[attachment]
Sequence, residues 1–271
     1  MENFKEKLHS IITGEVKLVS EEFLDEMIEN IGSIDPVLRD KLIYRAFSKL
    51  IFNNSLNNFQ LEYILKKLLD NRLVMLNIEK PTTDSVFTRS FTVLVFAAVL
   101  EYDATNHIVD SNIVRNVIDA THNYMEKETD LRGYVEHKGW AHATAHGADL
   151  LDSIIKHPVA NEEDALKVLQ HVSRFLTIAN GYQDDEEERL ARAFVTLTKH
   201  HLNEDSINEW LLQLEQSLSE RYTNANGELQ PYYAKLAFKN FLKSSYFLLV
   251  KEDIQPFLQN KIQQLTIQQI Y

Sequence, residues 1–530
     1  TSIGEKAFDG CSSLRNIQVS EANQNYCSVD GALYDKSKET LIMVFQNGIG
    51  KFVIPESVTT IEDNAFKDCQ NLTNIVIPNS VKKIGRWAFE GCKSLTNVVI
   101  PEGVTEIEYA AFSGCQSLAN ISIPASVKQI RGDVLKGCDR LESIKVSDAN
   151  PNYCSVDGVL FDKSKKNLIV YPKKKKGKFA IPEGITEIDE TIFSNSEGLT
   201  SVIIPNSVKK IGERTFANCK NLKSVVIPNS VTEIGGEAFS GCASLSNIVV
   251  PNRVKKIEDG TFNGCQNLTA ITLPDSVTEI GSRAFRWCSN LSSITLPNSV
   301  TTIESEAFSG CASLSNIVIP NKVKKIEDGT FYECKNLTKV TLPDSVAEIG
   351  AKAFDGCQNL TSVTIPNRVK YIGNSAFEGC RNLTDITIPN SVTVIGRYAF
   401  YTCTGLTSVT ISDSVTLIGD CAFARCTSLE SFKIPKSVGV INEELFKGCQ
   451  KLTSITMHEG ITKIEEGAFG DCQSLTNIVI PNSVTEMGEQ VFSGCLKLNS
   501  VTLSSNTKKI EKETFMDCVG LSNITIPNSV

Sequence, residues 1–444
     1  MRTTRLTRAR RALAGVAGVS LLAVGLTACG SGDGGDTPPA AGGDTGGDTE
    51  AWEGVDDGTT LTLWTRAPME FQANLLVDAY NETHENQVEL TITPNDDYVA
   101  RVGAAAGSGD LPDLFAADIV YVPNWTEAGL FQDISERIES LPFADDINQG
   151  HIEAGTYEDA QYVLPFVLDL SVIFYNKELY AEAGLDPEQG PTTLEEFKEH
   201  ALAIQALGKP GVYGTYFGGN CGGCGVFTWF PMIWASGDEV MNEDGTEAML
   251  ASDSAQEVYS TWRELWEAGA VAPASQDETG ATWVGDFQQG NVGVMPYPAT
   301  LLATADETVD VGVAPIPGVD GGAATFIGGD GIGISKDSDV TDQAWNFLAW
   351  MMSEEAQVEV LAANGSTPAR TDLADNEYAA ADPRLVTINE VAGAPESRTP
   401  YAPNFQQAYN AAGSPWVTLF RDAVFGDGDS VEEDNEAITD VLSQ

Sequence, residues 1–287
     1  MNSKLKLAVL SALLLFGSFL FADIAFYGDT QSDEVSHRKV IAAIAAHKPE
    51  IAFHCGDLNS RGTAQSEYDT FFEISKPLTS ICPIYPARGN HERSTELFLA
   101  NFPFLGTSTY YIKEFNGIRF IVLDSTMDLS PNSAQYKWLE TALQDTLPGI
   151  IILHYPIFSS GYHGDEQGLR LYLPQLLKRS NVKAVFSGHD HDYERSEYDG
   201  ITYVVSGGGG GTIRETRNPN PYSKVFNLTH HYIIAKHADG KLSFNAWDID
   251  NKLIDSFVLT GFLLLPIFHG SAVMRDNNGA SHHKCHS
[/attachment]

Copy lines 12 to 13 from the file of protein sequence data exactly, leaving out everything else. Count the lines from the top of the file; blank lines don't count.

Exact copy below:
   151  PNYCSVDGVL FDKSKKNLIV YPKKKKGKFA IPEGITEIDE TIFSNSEGLT
   201  SVIIPNSVKK IGERTFANCK NLKSVVIPNS VTEIGGEAFS GCASLSNIVV